A daunting challenge faced by some hinterland schools is a marked shortage in teachers. This state of affairs often develops to troubling proportions when teachers leave their Regions to qualify themselves or advance their level of training.
These were among the issues that were highlighted recently when Minister of Education, Priya Manickchand, accompanied by senior education officials, visited Bartica, Region Seven, to host a stakeholders’ consultation at the Bartica Secondary School.
The meeting, which is similar to a number of others that the Ministry has held in recent weeks, was intended to allow the stakeholders to share their concerns and recommendations with central and regional officials, with a view
of improving the delivery of hinterland education.
The teacher shortage was brought to the fore when one parent, in vocalising her concerns, appealed to the Education Minister for prompt replacements whenever teachers leave their schools to access training. The parent in delivering her remarks even appealed for the implementation of a facility in the Region to allow for the training of teachers; even as she pointed out that there are schools that will soon be without their full complement of teachers, as some of them will be leaving for training shortly. “When they leave for training who is going to be there to take over the classrooms?” questioned the concerned parent.
Without hesitation, Minister Manickchand embraced the recommendations of the parent but went on to point out that “our great difficulty is that we don’t like sending away teachers…because you leave a class and they don’t have teachers and that is not a healthy thing, but then we have established that it is better to have a trained teacher than an untrained one.”
“We are in a really hard position. Do we send them to be trained, in which case, three or more years a class will be without a teacher? I think we have to, because we will get better service from them afterwards but how do we deal with the babies that will be left behind while they are training?” the Education Minister queried.
She therefore, informed the gathering that her Ministry will have to ensure that ahead of granting permission to teachers to undergo training, efforts must be made to have replacements in place. Her declaration gained the approval of the stakeholders in attendance which was evident by a resounding bout of applause and nods of agreement.
Moreover, the upbeat Minister further told her attentive audience that the Ministry will perhaps soon contemplate reinstituting a training facility in the Region so as to ensure that teachers do not have to leave in order to access training. She informed that such a provision was previously offered but was discontinued because there were not adequate numbers of teachers seeking to access it there.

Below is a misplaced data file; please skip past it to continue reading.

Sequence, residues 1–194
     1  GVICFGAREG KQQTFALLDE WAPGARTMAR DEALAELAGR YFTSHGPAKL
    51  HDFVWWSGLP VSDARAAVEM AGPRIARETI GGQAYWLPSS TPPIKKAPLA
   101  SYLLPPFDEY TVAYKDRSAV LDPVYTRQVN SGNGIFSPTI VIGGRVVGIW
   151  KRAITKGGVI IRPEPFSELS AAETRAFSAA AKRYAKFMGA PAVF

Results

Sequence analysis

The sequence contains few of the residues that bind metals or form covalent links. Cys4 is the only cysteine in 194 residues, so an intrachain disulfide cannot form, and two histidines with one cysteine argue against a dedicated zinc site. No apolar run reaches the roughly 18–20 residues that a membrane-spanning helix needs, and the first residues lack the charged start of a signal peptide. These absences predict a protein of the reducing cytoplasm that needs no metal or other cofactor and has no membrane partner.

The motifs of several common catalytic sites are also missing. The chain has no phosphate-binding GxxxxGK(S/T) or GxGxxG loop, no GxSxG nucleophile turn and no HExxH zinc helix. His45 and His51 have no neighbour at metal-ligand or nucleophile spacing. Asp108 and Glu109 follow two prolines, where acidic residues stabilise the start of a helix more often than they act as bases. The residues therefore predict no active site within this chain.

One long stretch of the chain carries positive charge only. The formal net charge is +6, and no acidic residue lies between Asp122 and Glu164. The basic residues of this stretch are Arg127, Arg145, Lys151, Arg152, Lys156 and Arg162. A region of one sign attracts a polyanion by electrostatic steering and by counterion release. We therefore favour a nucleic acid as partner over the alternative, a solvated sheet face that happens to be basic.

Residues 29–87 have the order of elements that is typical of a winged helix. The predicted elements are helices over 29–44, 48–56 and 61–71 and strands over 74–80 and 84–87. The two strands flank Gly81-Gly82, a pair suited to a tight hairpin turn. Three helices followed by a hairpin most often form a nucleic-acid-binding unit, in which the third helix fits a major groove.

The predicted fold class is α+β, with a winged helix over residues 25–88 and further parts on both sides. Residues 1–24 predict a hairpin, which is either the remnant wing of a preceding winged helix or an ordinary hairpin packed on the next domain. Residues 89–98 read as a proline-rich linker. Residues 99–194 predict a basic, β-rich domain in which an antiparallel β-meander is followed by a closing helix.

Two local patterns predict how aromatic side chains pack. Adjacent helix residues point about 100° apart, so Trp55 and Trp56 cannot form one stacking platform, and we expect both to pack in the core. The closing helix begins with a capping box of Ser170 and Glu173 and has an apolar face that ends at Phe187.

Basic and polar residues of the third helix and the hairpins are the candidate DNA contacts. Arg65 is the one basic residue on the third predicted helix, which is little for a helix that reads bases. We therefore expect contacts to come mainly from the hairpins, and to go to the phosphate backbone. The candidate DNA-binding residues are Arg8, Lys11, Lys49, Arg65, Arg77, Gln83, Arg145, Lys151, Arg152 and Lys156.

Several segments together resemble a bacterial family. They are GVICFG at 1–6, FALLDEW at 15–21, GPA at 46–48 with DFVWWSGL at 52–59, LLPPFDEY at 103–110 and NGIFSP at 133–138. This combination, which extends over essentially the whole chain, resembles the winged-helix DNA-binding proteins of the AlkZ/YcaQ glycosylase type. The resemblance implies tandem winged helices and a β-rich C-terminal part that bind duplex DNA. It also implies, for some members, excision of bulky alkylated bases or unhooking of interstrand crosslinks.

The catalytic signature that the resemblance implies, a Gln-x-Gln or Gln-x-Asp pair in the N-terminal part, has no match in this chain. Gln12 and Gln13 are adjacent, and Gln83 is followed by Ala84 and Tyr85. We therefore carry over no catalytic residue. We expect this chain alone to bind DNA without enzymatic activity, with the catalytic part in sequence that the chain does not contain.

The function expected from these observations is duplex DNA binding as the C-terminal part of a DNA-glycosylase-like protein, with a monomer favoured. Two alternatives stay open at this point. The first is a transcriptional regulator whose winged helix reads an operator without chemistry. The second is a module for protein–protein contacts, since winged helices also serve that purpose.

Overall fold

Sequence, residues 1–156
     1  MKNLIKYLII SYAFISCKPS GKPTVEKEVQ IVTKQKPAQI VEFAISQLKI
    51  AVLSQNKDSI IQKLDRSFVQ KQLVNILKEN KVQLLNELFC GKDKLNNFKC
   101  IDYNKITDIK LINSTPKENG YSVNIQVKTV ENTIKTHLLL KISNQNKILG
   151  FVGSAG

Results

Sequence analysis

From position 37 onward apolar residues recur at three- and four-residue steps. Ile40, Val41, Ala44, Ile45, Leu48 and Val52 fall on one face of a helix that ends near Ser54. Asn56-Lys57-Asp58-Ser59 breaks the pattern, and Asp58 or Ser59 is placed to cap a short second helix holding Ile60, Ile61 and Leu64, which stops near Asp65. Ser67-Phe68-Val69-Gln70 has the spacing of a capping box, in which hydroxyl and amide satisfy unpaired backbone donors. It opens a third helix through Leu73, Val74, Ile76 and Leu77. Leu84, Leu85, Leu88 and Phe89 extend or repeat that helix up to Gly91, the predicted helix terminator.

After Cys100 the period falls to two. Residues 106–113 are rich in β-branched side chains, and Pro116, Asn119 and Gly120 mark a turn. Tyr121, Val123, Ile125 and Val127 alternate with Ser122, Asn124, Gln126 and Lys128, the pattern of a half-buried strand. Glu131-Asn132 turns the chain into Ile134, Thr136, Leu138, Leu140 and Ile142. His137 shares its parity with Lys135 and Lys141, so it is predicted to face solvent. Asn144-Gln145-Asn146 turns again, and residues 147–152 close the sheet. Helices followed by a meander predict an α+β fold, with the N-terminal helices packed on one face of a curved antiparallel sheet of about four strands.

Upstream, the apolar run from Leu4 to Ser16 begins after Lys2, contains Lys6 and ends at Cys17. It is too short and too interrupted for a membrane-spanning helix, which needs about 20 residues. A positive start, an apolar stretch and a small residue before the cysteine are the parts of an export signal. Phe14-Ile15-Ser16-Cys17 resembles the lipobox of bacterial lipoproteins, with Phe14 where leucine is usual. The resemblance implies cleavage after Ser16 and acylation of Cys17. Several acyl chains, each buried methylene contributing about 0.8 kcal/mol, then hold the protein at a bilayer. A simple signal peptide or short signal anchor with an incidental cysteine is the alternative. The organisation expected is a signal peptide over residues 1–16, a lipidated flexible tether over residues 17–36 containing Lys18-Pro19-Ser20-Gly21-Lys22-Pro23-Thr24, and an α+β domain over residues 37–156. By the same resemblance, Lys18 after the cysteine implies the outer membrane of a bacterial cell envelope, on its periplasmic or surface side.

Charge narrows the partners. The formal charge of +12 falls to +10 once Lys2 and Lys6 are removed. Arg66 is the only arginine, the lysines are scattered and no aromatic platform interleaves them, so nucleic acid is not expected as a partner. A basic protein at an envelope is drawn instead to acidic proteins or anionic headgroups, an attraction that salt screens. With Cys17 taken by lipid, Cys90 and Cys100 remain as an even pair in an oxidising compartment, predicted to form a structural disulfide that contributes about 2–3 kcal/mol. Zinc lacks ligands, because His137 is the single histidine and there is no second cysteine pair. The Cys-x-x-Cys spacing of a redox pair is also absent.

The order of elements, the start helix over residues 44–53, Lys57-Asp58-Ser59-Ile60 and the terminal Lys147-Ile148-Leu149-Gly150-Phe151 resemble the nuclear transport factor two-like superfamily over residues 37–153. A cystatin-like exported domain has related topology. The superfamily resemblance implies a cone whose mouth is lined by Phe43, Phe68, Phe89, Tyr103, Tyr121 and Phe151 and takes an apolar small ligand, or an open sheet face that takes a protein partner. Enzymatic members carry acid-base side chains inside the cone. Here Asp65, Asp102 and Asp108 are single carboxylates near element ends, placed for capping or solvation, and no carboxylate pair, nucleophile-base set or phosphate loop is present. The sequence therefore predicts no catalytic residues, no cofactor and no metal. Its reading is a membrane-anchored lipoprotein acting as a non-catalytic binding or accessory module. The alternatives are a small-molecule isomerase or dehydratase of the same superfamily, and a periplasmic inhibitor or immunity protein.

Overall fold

“That is something we can look at almost immediately to see if we can do the programme locally (in the Region) if we have a large group of persons,” said Minister Manickchand who with conviction noted “this is why I like coming to these meetings…We have some of the most beautiful policies that say, as soon as a teacher moves, you must replace them and so, but when I come here and hear from you that we have that in writing but it didn’t work.”
“That is why we have to have these meetings to make sure that we are hearing from people whether our policies are working,” noted the Minister.
In fact she related that “having it on paper is good but it makes no sense; it is not helping you, us, nor the country, if we don’t make sure it is actually being implemented,” said the Minister.
This was in direct response to a parent’s disclosure of a school that had to wait over one (school) term to be re-assigned two teachers who had left for training last year.
The Minister went on to explain that it has been found that part of the teachers’ replacement effort is in fact hampered by limited housing accommodations. “We have excess (teachers) right now in Regions Three and Four…what do we do with them? You are telling me that you need replacements almost immediately, but our concern is that we cannot send people here and tell them go under a tree, so we have to make sure that we have housing for them…that’s why we are here to address these kinds of issues,” said the Minister who informed, that her team was taking copious notes with a view to addressing the shortcomings in the Region.
Another concern that was raised at that forum was the need for teachers, after training, to be mandated to serve their respective Regions for a stipulated period before moving on. “My opinion is you were sent from Region Seven, you must come back and serve us here,” a parent firmly proclaimed.
This suggestion, the Minister said, is one that can definitely be built into the Hinterland Education Improvement Programme. This will ensure that teachers serve their Region for a specified timeframe, a notion that was well supported by a show of the stakeholders’ hands.
“This is the only country in the Caribbean where we pay our teachers to go and get trained. While they are still at school we still pay them salaries and stipends…that means we pay them to go to school.
Other countries you have to pay to go to school (yourself)…this is how much this Government has invested in education,” Minister Manickchand told the gathering of stakeholders.
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